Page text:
The Sunday Rumpus Interview: Angela Palm


Angela Palm joined the company of Leslie Jamison and Eula Biss when her memoir Riverine won the 2014 Graywolf Press Nonfiction Prize. What made her book stand out

from the crowd? For starters, not many
 memoirs span a friendship that survives thirty years as well as a felony incarceration. But what truly elevates Palm’s book is the writing. In Riverine, she empathically examines how her love for a childhood neighbor-boy, Corey, has remained a linchpin in her heart, and how not even his double homicide conviction or her move far away from their Indiana hometown has changed that fact.

Palm goes were few writers—or friends—are willing to go. She visits Corey in the correctional facility where he is serving a life sentence and dares to ask tough questions. What does it mean that she still holds a candle for a man who is a murderer? Why did Corey do it? Was he ever the good person at his core that she once believed him to be? How might their lives—which both began by the same river—have been different if he had received a measure more of the love, education, or benefit of the doubt that she received. I reached out to Angela Palm via email to
discuss this and more about Riverine.


The Rumpus: Much of Riverine
 centers on your relationship with Corey, but it is only once you have met your husband, Mike, that you seem to come to grips with how much Corey and your hometown in Indiana have affected you. You write of your husband
 Mike, “He loved me even though I had grown up in an old riverbed and
had a bloodline that ran brown like its water. But where was the source? When
was the water clear? When had the trouble begun? If I was going to survive my
own history, I would have to find a way to drain a vein without a wound.” Is Riverine an attempt to answer these
 questions and “drain a vein”?

Angela Palm: It’s certainly an attempt to understand the good and the bad of where I’m from and how it shaped me as a born dissenter. It’s me letting go and rebooting, but more than that it’s a confrontation with the past after a long period of avoidance and a dissection of that avoidance. It’s true that Mike was instrumental in helping me understand that within that avoidance and dissent was the shapeshifting violence of white men reaching back through my history as far as I could see, and a patriarchal rural Midwest. Riverine contains the words for what was always there. Putting experience into words gives them less power over me, I think. In the situation of the facts you mention in the introduction about Corey, the easiest response is to condemn that which is so obviously condemnable. The far more difficult thing is to attempt to foster compassion where none seems warranted, investigate the complications, and convert these into something useful. Compassion and consideration of the complex truth, I’ve found, is a powerful tool in a world that often makes little sense.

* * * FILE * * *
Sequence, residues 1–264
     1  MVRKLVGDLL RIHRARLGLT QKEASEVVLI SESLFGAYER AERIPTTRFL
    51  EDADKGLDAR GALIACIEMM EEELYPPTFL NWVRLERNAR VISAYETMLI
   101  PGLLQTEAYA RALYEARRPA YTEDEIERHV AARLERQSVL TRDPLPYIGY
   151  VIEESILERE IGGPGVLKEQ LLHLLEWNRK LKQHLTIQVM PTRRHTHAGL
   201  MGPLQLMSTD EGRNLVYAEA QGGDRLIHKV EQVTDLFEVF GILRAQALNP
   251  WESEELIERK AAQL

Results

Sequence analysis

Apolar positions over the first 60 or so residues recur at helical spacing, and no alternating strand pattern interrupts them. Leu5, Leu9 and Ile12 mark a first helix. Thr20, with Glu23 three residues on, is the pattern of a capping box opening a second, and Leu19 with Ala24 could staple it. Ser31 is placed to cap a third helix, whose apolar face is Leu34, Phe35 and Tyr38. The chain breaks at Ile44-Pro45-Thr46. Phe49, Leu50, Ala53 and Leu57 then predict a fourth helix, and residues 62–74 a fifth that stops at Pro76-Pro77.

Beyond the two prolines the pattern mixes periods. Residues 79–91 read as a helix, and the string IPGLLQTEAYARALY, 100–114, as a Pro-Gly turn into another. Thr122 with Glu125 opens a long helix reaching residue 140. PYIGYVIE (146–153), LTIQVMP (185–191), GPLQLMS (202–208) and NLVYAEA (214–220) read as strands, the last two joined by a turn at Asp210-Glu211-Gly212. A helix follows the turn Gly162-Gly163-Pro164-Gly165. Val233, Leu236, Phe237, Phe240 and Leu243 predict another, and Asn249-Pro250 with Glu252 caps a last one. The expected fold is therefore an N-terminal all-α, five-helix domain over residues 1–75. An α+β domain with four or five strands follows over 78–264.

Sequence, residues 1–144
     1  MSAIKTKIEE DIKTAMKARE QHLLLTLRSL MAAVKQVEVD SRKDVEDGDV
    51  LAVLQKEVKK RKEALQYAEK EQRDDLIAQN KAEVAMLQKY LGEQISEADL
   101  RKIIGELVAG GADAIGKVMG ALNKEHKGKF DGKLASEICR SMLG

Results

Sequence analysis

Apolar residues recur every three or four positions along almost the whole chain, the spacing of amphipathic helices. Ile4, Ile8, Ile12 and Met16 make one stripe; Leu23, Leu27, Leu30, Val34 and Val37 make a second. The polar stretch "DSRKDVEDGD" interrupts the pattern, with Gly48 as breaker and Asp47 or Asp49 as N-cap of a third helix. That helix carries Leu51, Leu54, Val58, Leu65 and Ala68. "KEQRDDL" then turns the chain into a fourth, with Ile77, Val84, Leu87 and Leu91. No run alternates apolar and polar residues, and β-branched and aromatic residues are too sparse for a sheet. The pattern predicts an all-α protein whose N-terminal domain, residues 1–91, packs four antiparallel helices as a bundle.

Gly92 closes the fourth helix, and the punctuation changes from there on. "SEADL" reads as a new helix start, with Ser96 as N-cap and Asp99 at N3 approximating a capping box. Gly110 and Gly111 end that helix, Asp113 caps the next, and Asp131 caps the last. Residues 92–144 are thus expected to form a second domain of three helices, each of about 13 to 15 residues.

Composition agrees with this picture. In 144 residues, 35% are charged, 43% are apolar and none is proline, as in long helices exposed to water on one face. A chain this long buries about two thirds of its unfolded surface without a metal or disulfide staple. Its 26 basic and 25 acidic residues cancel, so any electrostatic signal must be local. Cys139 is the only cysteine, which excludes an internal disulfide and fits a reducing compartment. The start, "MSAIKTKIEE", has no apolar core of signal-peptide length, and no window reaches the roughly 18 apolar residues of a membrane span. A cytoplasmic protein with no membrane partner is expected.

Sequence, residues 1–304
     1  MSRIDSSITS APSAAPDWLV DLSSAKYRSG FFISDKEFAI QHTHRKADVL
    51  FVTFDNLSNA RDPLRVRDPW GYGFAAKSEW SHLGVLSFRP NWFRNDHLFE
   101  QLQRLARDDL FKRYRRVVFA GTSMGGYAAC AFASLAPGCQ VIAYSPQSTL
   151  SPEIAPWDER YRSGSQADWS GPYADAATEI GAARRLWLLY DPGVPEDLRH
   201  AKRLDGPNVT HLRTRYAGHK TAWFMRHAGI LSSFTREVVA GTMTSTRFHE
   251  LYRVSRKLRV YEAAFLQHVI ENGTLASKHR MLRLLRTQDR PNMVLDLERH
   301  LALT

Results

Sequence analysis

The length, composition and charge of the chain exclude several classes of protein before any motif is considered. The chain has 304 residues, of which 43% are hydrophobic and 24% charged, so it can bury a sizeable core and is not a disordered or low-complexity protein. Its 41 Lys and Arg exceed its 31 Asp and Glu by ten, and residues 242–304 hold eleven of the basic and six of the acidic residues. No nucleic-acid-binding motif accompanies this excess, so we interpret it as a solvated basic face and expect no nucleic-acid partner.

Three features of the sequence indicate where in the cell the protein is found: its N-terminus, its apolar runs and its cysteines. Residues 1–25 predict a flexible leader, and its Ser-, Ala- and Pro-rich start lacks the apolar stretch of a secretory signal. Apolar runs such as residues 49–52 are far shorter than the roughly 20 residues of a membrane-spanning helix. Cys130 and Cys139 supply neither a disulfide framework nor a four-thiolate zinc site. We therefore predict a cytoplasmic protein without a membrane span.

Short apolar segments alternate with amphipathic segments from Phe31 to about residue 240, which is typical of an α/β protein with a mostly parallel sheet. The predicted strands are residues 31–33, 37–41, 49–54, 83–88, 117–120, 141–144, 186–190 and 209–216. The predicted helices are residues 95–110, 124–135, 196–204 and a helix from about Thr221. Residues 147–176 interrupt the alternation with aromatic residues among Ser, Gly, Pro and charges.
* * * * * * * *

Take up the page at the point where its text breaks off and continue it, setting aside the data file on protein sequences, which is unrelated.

Rumpus: You note in the acknowledgments that only small
 portions of the essays in your book appeared previously in other
 publications. When did you realize that
 digging into these questions would be a book-length endeavor?

Palm: I’d submitted two or three very short essays and stories that dealt with rural Indiana as setting, the same set of questions of nature and nurture, the same characters, the same inner dissonance. From there, I gathered everything I had written over the course of two years and read the unfinished pages start to finish because I didn’t know where to begin with a book, or if I had one. I had a friend read the grouping of pages—not even a manuscript really because there was no clear focus yet—and the friend pointed out that the voice of each piece was the same. If I reordered the pieces, pushed them a bit farther, I might have a manuscript. As I worked in that direction, more and more the story came back to Corey and life along the river, leaving it and returning to it. I knew I need to speak with him, see him, and once I did, everything became clearer.

Rumpus: Regarding your relationship over the years with Corey, what was the most difficult aspect to capture in words?

Palm: To say he was a friend, someone I was once romantically interested in or involved with, was easy. But when he told me all the stories and facts about himself prior to the murder that filled in my gaps in knowledge and memory, I was devastated. As I wrote them down, one by one, they formed a very clear descent toward a place of no return and putting that on the page was tough. At the end of that sloping line—the pit I was writing toward, innocent people would lose their lives and Corey would forfeit his freedom forever in return. I could see it now, see how he had become someone I didn’t recognize. Call me naïve, or sentimental, but I could not help but imagine all the ways I or a number of other people could have led him in another direction with very simple acts of love and kindness. Mapping a life in this way feels a bit like math, a plus b equals c—I found myself wanting to subtract it all away.